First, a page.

The voting wars have flared up again, though they’ve never really been far from the national political debate since Donald Trump was elected in 2016, or the Supreme Court decided Shelby County v. Holder in 2013 — or really Bush v. Gore in 2000. This time, a massive new Georgia law, the Election Integrity Act of 2021, also known as Senate Bill 202 (or SB 202), has triggered national apoplexy, with Democrats, including President Joe Biden, declaring it the new Jim Crow. Such comparisons are insulting to those who fought for civil rights in the 1960s, incendiary to a public discourse already hampered by low institutional confidence, and at base disingenuous.
Sorting out fact from fiction is not only important for this particular law, the fallout from which has already reached Major League Baseball and some Hollywood productions, but to understand the general debate over election regulation in America.
The Georgia law limits ballot drop boxes to places they can’t be tampered with (such as early voting sites), standardizes weekend voting hours, and asks people to write a driver’s license or Social Security number on absentee ballot envelopes.
Jim Crow was “literacy tests” and poll taxes, having to guess how many bubbles are in a bar of soap, and battling billy clubs and police dogs on the way to the voting precinct.
The Washington Post gave Biden “ four Pinocchios” for his claim that SB 202 was “ Jim Crow in the 21st century” for limiting voting hours and otherwise “deny[ing] the right to vote to countless voters.” That paper, not exactly a right-wing house organ, reported that “experts say the net effect was to expand the opportunities to vote for most Georgians, not limit them.” MIT elections expert Charles Stewart III found that “it indicated an expansion of hours, especially in rural counties.”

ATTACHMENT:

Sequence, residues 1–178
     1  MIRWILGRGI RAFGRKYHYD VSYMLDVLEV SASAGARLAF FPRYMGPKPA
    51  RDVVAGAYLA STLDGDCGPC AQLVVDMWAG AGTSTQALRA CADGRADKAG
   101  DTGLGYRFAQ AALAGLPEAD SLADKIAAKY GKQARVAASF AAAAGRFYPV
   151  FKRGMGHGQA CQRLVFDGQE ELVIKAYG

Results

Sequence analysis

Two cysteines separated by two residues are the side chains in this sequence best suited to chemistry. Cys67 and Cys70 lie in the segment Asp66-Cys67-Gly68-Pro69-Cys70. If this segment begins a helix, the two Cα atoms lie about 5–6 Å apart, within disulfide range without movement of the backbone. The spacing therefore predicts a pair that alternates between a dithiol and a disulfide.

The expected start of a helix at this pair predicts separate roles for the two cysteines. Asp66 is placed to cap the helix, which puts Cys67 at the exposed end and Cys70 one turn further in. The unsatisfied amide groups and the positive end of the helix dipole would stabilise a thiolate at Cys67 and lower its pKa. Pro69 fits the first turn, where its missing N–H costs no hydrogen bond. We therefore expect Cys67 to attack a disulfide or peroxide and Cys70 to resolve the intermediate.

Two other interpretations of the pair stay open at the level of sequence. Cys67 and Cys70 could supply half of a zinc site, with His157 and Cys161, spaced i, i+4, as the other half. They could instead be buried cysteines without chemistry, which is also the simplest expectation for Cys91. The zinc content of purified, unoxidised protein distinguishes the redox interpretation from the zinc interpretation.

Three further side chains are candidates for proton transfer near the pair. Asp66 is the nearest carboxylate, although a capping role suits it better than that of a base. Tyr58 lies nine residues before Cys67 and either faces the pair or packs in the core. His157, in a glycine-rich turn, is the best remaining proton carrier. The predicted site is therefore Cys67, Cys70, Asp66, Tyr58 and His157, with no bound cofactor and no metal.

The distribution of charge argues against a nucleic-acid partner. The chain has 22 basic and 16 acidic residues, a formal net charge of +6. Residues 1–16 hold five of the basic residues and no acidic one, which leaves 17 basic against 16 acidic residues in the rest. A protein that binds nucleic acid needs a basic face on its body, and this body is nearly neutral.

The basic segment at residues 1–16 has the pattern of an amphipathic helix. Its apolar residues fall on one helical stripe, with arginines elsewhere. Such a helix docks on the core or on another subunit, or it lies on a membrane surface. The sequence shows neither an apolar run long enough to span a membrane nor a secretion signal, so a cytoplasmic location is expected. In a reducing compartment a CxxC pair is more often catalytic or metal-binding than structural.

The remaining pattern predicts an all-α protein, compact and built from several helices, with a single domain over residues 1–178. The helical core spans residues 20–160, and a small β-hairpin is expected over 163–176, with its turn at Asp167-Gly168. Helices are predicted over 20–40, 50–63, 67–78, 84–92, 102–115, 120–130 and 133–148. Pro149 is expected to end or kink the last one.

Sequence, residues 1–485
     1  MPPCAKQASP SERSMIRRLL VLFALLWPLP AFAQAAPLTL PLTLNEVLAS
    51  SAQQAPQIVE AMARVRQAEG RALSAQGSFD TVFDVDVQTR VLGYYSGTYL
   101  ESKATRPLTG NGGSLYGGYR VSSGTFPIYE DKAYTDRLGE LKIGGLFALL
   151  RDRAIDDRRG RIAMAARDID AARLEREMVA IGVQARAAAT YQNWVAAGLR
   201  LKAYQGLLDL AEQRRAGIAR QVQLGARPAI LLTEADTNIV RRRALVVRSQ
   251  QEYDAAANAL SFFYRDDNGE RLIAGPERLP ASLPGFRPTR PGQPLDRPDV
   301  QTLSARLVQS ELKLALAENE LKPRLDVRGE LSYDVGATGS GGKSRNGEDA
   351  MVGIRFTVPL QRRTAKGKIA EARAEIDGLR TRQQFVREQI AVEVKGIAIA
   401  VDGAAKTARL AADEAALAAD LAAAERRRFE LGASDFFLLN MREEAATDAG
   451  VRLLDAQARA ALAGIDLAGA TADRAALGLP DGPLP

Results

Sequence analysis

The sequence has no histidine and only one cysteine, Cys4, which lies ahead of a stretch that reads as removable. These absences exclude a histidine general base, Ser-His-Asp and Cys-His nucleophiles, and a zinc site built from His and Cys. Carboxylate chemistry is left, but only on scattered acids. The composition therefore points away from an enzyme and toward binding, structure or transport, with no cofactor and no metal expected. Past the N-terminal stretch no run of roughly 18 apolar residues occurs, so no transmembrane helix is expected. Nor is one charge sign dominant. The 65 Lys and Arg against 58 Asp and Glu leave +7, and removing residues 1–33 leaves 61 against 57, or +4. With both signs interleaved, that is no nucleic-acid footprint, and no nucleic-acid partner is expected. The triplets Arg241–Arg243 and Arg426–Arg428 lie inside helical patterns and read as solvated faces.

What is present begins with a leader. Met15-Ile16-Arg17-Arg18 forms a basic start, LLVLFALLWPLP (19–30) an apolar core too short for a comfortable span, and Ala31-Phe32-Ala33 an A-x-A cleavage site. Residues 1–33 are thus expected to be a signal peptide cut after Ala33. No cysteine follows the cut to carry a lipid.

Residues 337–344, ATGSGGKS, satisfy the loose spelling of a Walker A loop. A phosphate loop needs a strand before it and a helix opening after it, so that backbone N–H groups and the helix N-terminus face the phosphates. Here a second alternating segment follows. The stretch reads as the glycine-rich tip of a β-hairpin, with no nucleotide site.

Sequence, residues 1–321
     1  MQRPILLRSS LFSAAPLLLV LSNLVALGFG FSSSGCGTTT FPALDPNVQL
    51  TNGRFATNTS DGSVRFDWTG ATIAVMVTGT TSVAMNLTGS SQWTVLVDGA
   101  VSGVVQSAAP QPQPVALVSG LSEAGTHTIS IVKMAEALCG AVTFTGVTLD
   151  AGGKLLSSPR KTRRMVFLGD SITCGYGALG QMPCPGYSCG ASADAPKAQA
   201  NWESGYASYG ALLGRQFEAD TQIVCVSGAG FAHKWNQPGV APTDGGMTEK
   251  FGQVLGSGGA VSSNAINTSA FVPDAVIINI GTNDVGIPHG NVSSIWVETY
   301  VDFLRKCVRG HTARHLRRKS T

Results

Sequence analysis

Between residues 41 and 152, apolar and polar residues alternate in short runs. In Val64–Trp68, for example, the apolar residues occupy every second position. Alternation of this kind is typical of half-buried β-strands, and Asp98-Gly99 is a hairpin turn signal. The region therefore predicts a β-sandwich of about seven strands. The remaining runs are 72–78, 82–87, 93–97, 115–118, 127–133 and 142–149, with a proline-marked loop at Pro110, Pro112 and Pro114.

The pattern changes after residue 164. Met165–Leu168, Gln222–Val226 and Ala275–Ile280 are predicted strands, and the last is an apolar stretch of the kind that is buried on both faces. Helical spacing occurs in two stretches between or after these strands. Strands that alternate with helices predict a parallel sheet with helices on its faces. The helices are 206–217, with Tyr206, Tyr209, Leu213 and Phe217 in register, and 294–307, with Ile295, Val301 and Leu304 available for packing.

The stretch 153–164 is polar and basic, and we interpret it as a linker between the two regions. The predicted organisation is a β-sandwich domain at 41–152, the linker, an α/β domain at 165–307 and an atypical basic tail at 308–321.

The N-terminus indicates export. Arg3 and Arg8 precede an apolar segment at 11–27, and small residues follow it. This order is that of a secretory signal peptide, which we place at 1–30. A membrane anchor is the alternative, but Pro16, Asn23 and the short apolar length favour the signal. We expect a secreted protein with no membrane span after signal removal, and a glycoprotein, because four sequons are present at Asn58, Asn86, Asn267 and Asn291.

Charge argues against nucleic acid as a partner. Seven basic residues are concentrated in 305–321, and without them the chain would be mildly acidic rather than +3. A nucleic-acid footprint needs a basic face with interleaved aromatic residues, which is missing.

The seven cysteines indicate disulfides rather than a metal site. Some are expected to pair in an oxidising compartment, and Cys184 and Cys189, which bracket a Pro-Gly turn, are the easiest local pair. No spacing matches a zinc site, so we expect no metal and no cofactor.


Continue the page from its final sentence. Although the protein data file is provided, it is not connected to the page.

SB 202 does indeed improve voting access for most Georgians, entrenching the new opportunities to vote early and absentee (by mail and drop-off) introduced during the pandemic. For example, during a generous, at least compared to blue states such as New York and the president’s own home state of Delaware, 17 days of in-person early voting, voting locations have to be open at least eight hours, with county officials given leeway to adjust the times to suit their constituents. Election Day voting hours are even longer. The window for requesting absentee ballots, which can be done online, is reduced to a “mere” 67 days, starting 11 weeks and closing 11 days before an election, to allow time for the ballot to be mailed out and returned.
More restrictive proposals were floated early in the drafting process, such as eliminating no-excuse absentee voting entirely — the current policy of 16 states, including such retrogrades as Connecticut and New Hampshire — and prohibiting early voting on Sundays (criticized as targeting “souls to the polls” programs at black churches). But these sorts of measures never made it into the enacted law, even if some Democrats still claim that they did.
Gabriel Sterling, a Republican election official who came to prominence for countering Trump’s election disinformation last fall, explained that some provisions “were phantoms that the leadership in both the Senate and the House told their guys, ‘Hey, introduce whatever you need to to cover yourself with your people.’” In other words, given the level of distrust and anger in the electorate, state legislators had to show that they were “tough on fraud” even if they knew certain things weren’t going to be part of the reform package.
That said, these “phantom” provisions certainly hobbled the reception of the final law. Democrats could hardly be blamed for seeing ill intent behind the legislation if the crafting process included winks and nods to fictitious fraud claims.